In a post by Benjamin Elder there is a nice proof-of-concept app. This app is based on the Bodypix.js AI/ML library. Ben’s article about their Open Source Virtual Background explains the inner workings. Using Ben’s code, I created a Snap Package called Fakecam. I also include a nice User Interface, which allows easy configuration of the options.
Next, I convinced several members of the Ubuntu Podcast Telegram channel to give Fakecam a test run. Among those members is Stuart Langridge. When testing, Stuart finds that the speed on their machine is woefully bad. It turns out that using TensorflowJS in NodeJS is slow. This is made worse by having to copy the image between Python and NodeJS. This copy goes over an HTTP link, slowing everything down. The result is a very slow pictures.
First attempt to fix
TensorflowJS is sped up if you have a NVidia graphics card with the CUDA API. However, I feel that if I rely on this requirement it would severely limit the scope of the app. After trawling through the TensorflowJS GitHub repository I see an interesting area. There is code to use a WebGL-based API. This, when running inside a React Native app.
React Native is made to run on mobile devices, which often don’t use NVidia graphics. So, using NVidia CUDA just is not good enough. The code I found in
platform_react_native.ts uses OpenGLES. It extends TensorflowJS’ already working WebGL code. With this idea, can I also use a native OpenGL stack with NodeJS? That means I can use WebGL on a desktop or laptop?
With a lot of effort, and lots of Cola and Coffee, I work through several evenings until morning. Now, the NodeJS-based TensorflowJS talks to my AMD graphics device via OpenGL. The speed is faster on my powerful desktop PC by a large margin. To do this, I copy the React Native Platform abstraction for TensorflowJS. This gives me a TensorflowJS platform-library for WebGL in NodeJS is in my Fakecam GitHub repository.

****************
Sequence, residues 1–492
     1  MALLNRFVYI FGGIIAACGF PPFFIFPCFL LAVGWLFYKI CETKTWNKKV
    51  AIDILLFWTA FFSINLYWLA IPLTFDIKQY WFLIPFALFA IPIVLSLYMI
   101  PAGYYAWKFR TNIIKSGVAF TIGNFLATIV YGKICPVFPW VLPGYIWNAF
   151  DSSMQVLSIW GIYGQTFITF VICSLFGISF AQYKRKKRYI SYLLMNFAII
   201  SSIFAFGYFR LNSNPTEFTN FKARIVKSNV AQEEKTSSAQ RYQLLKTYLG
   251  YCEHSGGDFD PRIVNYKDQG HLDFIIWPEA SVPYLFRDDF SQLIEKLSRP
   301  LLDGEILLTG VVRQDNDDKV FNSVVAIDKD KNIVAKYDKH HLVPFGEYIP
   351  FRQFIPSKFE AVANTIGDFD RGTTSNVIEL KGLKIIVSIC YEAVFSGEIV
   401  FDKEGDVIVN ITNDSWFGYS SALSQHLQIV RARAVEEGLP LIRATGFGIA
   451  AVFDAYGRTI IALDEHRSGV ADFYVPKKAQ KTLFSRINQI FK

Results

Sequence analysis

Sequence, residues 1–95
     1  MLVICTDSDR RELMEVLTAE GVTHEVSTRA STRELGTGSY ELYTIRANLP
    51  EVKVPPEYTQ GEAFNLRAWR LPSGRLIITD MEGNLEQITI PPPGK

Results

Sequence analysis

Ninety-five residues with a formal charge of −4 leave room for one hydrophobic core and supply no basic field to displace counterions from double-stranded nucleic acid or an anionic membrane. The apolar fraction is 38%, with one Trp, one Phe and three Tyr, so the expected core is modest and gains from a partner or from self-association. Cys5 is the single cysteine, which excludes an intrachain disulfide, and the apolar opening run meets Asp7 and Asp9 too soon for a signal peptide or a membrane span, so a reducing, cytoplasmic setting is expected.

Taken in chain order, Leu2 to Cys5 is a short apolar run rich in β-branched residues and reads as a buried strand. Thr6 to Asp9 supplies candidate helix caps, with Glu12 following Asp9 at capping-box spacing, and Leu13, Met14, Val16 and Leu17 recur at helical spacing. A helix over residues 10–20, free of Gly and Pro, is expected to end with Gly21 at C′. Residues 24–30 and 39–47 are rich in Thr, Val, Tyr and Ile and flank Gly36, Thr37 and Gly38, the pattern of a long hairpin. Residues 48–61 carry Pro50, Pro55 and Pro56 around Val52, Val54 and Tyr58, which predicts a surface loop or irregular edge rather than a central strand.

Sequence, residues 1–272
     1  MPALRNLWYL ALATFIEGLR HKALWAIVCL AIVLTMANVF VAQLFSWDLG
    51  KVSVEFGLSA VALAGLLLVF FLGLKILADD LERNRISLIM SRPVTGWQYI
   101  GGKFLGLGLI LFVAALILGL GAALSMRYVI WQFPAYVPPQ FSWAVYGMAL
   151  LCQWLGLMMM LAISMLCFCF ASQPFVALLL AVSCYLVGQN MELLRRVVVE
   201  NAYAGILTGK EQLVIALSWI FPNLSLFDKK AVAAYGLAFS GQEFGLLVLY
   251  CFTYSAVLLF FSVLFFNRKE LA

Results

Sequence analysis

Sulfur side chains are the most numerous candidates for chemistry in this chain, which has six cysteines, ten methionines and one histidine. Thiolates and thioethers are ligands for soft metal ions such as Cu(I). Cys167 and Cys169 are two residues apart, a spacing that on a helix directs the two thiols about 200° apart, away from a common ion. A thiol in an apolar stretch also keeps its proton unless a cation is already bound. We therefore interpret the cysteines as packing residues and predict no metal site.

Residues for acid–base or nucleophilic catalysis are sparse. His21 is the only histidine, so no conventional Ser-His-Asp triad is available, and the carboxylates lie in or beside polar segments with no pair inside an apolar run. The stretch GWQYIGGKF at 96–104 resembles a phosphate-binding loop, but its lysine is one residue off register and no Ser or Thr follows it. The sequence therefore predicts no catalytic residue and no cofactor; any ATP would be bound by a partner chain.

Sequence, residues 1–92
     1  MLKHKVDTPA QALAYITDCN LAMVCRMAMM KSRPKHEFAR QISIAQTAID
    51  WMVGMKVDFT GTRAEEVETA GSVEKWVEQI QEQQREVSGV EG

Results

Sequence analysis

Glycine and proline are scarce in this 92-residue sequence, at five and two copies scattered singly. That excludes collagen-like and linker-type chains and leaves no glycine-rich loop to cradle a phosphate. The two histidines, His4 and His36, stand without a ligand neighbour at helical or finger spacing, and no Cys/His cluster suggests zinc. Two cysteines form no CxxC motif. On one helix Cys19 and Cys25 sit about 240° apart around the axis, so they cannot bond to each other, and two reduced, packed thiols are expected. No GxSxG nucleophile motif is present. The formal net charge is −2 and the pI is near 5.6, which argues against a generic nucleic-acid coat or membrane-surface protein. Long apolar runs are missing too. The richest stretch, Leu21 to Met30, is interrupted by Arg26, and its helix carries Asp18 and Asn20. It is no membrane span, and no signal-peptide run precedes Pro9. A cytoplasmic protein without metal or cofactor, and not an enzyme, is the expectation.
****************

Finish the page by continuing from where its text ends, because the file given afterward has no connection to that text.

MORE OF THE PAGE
Fakecam works well now?
Well not quite. I gave the updated version of Fakecam back to Stuart who ran it on their laptop again. While the speed is not as bad as it was, Stuart still finds this version is slow. The image is just too slow to be usable. Oh dear, back to the drawing board.
The Python side of this app is using OpenCV, which also supports running AI models. Now we’re using Bodypix.js with TensorflowJS. So, the next logical step, then, is remove the NodeJS side entirely. That way the images stay in the Python app. This removes the copying between Node and Python via HTTP.
Hold your horses, it’s not that easy.
I converted the Bodypix.js model to a more standard Tensorflow model. But, giving this to OpenCV it complains that it can’t work the model. OpenCV’s support for part of the AI model is not complete in the current release. I am a good community member, so I wrote a Bug on the OpenCV GitHub page. After a few days, the authors have a fix added to the OpenCV code that makes the model work.
So, now, I load the images into any available hardware. And, with the images in the hardware, I keep them there until the end. Then, I pull the images back out and put them into the Video4Linux loop-back device. Now, apps such as Zoom or Skype show the new video as an option.
Fakecam version 2.0!
Hooray! This updated version is even faster than the interim version. It works much faster than the original version. And there is another side-effect. The Python-only version cuts-out the background more accurately! Win-win!